During and after the deposition of continental molasse, the entire stack of strata is deformed as a whole. The layers of sandstone of the sea molasse, slightly straightened, are then crushed and driven back towards the south. From strongly inclined, they pass vertically. Then, always pushed south, they even end up being overturned.

This large fold is then covered by the Digne thrust layer between -5 and -3 million years ago. Without the very late and deep erosion of the Bès valley, it would be impossible to see it. Over the last million years, the uprising of the massifs (Blayeul, Vélodrome) and the digging of the valleys have contributed to erode the sedimentary pile of the water table above the Vélodrome, revealing the organization of the strata and the reliefs.

Paleo-Bes fluvial deposits, 2,6 to -2 million years old, also deformed, complete the landscape and history of the Vélodrome.

Learn more about molasse and the alpine sea

Between -35 and -21 million years ago, the continental crust, in the south of France and in the east of Spain and the Balearics, is stretched. A new oceanic space opens and expands (-21 to -15 million years) causing the rotation of the Corsican-Sardinian continental block to its current position oriented north-south.

The Ligurian-Provençal basin (ocean) and the Gulf of Lion were born. The sea is advancing north. It invades the depressed areas all around the nascent alpine arc. This sea, called the alpine sea (or peri-alpine), is the seat of molasses deposits. Sea molasses are found in the Digne region as well as in the Rhône basin and as far as Switzerland. Molasses are detrital deposits which took place in marine or continental basins in a post or finite-orogenic context.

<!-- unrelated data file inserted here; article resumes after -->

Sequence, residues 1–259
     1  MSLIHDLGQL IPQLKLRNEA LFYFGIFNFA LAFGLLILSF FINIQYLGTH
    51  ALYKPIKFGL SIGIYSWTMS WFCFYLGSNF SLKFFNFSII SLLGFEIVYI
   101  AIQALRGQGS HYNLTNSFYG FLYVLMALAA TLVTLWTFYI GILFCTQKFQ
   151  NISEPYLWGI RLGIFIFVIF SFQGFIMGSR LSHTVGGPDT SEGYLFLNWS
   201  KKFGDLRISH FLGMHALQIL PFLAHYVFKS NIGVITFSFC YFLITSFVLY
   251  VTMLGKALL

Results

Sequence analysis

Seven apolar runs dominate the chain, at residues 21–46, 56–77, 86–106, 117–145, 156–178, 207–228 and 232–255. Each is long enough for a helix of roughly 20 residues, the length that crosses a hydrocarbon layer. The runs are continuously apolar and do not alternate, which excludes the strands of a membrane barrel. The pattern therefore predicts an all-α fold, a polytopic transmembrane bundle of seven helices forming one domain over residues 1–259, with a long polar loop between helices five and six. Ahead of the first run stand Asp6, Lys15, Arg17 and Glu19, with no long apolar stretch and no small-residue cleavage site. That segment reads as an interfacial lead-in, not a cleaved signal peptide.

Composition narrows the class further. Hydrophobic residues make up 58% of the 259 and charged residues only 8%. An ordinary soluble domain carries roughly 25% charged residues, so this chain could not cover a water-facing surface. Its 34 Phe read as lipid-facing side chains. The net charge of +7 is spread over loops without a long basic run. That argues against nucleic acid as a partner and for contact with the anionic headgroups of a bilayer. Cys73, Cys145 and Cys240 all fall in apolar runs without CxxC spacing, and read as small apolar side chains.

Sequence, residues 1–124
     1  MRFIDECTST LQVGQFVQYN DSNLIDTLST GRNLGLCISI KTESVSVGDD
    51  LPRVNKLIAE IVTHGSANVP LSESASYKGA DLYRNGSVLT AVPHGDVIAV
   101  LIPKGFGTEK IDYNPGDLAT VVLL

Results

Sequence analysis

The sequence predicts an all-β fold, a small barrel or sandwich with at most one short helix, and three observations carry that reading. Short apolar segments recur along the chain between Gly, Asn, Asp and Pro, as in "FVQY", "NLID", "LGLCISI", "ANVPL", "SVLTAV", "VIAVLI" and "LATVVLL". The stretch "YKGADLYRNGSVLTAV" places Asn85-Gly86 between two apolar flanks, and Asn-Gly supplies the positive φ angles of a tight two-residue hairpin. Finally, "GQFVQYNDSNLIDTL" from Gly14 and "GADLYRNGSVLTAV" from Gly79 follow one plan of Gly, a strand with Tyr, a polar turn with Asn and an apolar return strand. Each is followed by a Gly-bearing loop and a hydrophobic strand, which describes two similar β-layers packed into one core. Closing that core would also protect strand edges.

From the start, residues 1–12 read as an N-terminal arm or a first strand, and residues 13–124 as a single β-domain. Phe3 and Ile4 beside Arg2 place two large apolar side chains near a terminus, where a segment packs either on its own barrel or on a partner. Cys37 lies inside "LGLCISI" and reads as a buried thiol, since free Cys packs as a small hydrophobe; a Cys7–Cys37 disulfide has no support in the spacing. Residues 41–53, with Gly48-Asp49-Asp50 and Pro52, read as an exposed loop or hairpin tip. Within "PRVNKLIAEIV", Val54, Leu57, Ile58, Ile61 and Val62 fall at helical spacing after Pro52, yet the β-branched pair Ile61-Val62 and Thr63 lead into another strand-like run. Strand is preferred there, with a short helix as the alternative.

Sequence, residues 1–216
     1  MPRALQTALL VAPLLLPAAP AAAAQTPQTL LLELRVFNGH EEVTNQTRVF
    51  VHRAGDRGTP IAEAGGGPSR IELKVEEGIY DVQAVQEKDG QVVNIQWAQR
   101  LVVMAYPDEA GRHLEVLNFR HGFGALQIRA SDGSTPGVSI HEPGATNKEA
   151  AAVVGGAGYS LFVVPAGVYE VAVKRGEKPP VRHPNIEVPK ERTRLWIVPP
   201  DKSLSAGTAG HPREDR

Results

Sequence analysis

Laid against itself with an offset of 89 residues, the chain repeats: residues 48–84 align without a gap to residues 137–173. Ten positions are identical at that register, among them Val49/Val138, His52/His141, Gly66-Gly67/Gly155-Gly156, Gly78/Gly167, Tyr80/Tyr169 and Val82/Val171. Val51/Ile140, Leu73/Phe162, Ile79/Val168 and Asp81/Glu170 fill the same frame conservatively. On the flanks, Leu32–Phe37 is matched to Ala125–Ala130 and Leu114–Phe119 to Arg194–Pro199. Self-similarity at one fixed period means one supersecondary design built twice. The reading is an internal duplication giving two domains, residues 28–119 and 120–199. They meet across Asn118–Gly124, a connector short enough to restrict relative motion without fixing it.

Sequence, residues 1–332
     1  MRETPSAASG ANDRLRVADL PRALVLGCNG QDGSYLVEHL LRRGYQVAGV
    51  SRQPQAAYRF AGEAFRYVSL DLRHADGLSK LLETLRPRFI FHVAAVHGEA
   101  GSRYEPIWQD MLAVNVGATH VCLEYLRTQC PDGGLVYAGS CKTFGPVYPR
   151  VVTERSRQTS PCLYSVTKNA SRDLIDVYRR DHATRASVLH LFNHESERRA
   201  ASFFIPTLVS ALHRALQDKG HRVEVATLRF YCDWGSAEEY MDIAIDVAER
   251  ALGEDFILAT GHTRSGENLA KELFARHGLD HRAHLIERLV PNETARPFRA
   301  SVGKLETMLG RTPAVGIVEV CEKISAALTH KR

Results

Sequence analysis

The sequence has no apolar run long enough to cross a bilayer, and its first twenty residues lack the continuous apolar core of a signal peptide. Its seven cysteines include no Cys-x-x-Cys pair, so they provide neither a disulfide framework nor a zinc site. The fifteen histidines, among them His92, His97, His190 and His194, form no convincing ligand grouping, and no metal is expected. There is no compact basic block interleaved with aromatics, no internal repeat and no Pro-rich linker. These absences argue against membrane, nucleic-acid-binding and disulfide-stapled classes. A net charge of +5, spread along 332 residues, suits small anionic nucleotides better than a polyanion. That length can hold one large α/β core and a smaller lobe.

... in connection with 22 other geosites: the Pénitents des Mées, Gorges du Verdon, Maurin marbles

The sediments of the Vélodrome tell the story of the Miocene marine gulf (from -20 to -12 million years ago) filled by the detrital inputs (pebbles, sands, clays) resulting from the erosion of the Alps. This Gulf of Digne-Valensole has given way to a delta landscape, the sea receding towards the south. Voluminous deposits of pebbles have accumulated forming the conglomerates of Valensole that can be found today in the landscapes of the Valensole plateau and at the exit of the Gorges du Verdon, on the site of the Pénitents des Mées or in the south-east. from Sisteron and around Digne.